Washington » The key role played by the LDS Church in passing California's gay marriage ban could have long-lasting consequences - good and bad - for the future of the nation's highest-profile Mormon politician: Mitt Romney.
The LDS effort could give Romney a crucial boost among evangelicals who wield great power in choosing the Republican presidential nominee. But it might leave the former Massachusetts governor an even tougher slog among a broader electorate.
"What the LDS Church just did in California and elsewhere, should help [Romney] because it sends a signal to evangelical Protestants that while we differ religiously, politically we are first cousins," says Charles Dunn, dean of the School of Government at Regent University, founded by evangelical leader Pat Robertson.
Romney's run for the Republican nomination this year was fraught with concerns that evangelicals wouldn't cast their votes for a member of the LDS Church, seen as heretic, or even cultist, by some groups.
Romney lost the Iowa caucuses, for example, to one-time Baptist minister and former Arkansas Gov. Mike Huckabee, who drew out a large showing of evangelicals.
In his faith speech last year, Romney took pains to assert that his church would not dictate his actions in office.
But University of Iowa communications professor Bruce Gronbeck says the distance he tried to put between faith and public policy could be obliterated by the recent anti-gay marriage campaign.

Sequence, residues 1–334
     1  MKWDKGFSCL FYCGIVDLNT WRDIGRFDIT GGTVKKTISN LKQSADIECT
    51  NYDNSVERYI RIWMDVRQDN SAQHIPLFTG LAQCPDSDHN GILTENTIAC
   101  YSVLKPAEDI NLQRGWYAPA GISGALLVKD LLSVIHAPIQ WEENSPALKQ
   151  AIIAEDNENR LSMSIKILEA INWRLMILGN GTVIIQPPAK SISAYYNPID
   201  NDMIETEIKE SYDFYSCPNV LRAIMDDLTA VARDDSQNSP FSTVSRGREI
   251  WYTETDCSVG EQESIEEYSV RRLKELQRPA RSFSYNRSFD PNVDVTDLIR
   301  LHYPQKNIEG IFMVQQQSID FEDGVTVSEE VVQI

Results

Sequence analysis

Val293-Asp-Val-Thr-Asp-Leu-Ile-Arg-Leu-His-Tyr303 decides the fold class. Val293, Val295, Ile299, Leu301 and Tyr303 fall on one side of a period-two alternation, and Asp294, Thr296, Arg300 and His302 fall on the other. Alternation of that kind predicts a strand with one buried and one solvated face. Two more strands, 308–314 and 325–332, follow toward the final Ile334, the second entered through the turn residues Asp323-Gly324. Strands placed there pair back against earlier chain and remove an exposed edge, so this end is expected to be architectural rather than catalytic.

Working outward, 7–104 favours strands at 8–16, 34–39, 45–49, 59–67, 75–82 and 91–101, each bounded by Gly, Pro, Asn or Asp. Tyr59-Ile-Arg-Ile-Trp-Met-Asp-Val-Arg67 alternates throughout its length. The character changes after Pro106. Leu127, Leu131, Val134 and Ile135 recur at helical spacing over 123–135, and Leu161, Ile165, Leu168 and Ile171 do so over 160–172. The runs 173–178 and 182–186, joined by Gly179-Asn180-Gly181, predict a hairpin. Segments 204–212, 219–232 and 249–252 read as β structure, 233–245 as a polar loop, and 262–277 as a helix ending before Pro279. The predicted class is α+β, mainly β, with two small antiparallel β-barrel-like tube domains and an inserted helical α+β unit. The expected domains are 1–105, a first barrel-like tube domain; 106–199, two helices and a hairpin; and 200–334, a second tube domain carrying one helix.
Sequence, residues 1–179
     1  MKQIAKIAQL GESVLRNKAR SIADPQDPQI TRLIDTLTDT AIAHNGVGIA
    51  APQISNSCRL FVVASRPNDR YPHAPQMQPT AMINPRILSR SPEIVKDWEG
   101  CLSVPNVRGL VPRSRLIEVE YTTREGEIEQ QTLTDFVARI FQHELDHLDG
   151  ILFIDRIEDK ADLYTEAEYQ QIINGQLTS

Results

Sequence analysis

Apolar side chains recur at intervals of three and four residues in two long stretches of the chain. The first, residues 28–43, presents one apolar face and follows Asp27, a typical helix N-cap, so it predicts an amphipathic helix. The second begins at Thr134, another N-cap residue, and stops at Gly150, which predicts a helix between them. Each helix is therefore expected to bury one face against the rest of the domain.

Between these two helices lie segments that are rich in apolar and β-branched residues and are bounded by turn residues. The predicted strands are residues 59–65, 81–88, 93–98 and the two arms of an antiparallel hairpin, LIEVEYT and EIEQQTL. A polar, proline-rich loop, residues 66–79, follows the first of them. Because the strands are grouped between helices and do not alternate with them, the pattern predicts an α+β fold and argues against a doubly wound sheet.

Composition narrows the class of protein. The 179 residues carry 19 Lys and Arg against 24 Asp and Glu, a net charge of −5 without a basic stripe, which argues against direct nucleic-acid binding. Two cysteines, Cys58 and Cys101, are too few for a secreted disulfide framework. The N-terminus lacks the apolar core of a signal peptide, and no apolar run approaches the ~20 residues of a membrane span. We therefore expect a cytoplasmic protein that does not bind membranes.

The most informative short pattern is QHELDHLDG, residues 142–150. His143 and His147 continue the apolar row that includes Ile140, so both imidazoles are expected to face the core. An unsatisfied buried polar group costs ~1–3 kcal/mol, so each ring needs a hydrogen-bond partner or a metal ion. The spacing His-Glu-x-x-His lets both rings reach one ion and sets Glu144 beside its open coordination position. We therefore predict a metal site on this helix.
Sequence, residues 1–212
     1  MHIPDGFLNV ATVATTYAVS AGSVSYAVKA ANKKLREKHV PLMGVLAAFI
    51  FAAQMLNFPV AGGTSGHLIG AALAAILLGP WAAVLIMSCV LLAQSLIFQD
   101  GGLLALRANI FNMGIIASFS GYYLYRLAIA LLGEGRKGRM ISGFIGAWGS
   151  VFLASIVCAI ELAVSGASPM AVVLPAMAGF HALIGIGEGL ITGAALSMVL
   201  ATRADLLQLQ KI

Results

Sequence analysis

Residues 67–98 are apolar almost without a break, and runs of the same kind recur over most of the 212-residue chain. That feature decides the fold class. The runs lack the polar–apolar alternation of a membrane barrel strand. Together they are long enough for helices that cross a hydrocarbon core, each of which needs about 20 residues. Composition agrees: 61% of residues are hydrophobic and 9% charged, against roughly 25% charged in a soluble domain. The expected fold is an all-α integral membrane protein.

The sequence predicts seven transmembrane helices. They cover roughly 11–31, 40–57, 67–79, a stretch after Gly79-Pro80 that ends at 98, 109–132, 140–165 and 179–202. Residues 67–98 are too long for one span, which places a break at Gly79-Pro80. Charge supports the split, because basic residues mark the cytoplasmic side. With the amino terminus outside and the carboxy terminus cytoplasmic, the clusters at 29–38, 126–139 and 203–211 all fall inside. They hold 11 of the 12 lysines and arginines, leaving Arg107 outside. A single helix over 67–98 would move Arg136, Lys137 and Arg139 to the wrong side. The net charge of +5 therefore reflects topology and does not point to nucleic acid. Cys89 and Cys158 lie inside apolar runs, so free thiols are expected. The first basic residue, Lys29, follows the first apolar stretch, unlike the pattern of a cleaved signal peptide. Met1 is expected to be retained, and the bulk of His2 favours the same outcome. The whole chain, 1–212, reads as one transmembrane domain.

"That gap being closed, not by individual Mormons, but by the church itself, is creating a problem," Gronbeck says. "It will create a special problem if and when [Romney] re-gears his campaign."
That may make some independents wary of voting for a Mormon candidate, he says, and stoke more fears of how much power the church has over its faithful members.
Romney has said it is "unlikely" he will run again for national office, though he was active in helping Republican contenders this election year and is widely considered a frontrunner for the 2012 nomination. He remains on the public stage, just this week weighing in against the proposed bailout of the U.S. auto industry.
If he runs again, Dunn says the Mormon effort in California may have curried Romney more favor, even if Romney wasn't vocal about the issue.
"It helps," Dunn says.
In stops in Iowa and New Hampshire during the Republican primary, Romney heralded his own efforts as Massachusetts governor to fight back against a court ruling allowing same-sex marriage. He cited "traditional marriage" as a key component of American life.
Romney didn't donate any money directly to the Proposition 8 campaign, though his daughter-in-law, Jennifer Romney, contributed $1,000.
John Green, a professor at the University of Akron and a senior fellow at the Pew Forum on Religion & Public Life, says the high-profile criticism aimed at the LDS Church over the Proposition 8 battle could endear some evangelicals. But the next presidential election is more than four years away.
"It depends on how well-remembered the involvement of Mormons in Proposition 8 is," Green says. "It depends on how long-lived this criticism of Mormons is."
Kirk Jowers, a Romney friend who heads the University of Utah's Hinckley Institute of Politics, says once the initial sting of criticism over the church's involvement ebbs, the action shouldn't really affect future Mormon candidates.
However, he added, "It may bring to the forefront again the question of whether some of the far-right base of the Republican Party have taken for granted a strong Mormon-Republican tie but see Mormons as merely useful rather than acceptable."
PEGGY STACK contributed to this report.